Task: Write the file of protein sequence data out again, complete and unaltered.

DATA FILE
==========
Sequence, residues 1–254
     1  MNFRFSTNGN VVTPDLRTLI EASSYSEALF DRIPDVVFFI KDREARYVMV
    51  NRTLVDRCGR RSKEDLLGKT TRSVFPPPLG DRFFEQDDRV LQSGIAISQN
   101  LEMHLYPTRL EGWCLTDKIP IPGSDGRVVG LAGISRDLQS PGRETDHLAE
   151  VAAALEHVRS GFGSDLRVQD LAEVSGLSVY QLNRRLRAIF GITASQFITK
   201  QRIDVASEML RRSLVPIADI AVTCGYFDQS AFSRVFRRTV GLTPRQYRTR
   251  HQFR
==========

Sequence, residues 1–254
     1  MNFRFSTNGN VVTPDLRTLI EASSYSEALF DRIPDVVFFI KDREARYVMV
    51  NRTLVDRCGR RSKEDLLGKT TRSVFPPPLG DRFFEQDDRV LQSGIAISQN
   101  LEMHLYPTRL EGWCLTDKIP IPGSDGRVVG LAGISRDLQS PGRETDHLAE
   151  VAAALEHVRS GFGSDLRVQD LAEVSGLSVY QLNRRLRAIF GITASQFITK
   201  QRIDVASEML RRSLVPIADI AVTCGYFDQS AFSRVFRRTV GLTPRQYRTR
   251  HQFR